Despite months of fighting a subpoena from a New York judge, Twitter released a backlog of tweets from an Occupy Wall Street protester, reports Reuters.
Today was the deadline for Twitter to either hand over the tweets to the Manhattan criminal court or face charges of its own as well as a hefty fine.
The protester, Malcolm Harris, was one of several people taken into custody during a gathering at the Brooklyn Bridge in October 2011. He claims that police led the group of people on to the road and subsequently arrested them on charges of obstructing traffic. Harris’ tweet history during and leading up to the protest event are no longer available online, which prompted authorities to force Twitter to hand them over. The Manhattan district attorney believes the tweets will punch holes in Harris’ defense.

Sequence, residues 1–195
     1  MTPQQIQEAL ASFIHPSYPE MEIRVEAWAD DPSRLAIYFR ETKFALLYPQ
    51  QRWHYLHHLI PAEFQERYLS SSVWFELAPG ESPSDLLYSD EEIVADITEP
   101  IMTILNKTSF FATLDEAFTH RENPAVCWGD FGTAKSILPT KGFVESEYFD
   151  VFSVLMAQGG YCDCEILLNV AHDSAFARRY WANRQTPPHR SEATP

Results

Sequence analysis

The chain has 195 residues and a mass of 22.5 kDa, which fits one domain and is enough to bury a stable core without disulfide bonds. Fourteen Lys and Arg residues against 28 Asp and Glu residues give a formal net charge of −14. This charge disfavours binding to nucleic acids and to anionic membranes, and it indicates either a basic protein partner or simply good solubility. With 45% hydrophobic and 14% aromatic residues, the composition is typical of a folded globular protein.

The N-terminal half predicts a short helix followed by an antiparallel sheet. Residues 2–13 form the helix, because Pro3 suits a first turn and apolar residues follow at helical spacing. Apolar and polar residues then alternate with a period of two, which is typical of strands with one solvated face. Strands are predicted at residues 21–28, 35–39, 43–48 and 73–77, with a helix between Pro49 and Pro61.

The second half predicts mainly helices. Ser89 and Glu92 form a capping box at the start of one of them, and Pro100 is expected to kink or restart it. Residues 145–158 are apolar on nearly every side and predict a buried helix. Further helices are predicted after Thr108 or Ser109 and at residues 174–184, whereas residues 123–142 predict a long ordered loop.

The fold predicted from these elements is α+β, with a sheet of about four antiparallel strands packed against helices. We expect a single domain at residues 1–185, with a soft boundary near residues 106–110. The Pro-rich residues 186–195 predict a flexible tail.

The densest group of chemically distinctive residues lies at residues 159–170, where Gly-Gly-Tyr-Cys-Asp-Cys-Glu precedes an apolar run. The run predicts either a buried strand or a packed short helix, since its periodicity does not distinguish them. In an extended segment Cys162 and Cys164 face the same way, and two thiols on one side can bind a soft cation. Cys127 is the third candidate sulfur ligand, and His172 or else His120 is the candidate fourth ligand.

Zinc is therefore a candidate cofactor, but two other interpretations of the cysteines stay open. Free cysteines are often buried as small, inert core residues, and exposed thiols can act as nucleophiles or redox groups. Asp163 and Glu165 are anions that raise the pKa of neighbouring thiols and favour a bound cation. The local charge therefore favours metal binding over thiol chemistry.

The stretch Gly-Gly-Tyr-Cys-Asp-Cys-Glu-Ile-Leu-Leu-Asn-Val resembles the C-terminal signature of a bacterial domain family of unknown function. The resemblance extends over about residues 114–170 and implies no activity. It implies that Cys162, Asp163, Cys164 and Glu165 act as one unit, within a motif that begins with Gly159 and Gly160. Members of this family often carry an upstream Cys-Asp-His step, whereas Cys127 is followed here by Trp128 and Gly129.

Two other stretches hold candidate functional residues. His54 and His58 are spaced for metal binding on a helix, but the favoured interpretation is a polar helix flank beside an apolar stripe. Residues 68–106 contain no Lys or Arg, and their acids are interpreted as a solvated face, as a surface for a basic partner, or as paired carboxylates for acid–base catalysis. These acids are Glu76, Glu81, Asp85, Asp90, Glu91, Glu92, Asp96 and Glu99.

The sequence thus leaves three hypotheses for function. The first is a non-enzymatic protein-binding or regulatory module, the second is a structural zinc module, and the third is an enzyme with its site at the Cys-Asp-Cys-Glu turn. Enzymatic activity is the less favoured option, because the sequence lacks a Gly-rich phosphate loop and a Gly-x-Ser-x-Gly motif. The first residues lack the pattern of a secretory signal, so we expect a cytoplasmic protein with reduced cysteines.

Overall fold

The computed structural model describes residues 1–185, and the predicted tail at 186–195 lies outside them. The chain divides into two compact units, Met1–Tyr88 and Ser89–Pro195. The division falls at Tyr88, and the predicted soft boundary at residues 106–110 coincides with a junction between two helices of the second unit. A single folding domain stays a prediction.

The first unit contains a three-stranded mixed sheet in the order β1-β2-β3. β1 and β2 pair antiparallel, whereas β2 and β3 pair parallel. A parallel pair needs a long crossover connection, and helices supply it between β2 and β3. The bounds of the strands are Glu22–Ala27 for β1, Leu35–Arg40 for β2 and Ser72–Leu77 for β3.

However, Twitter isn’t very keen on surrendering user information. Last week, the company’s chief lawyer Alexander Macgillivray even went on record saying that protecting privacy and freedom of speech is a competitive advantage Twitter has over rival social networks and digital communication channels.
And while the court does have Harris’ tweet history, the information will remain sealed until Harris appeals again next week.
Occupy protesters photo via Glynnis Jones/Shutterstock
VentureBeat is studying the state of marketing technology
, and we’ll share the data.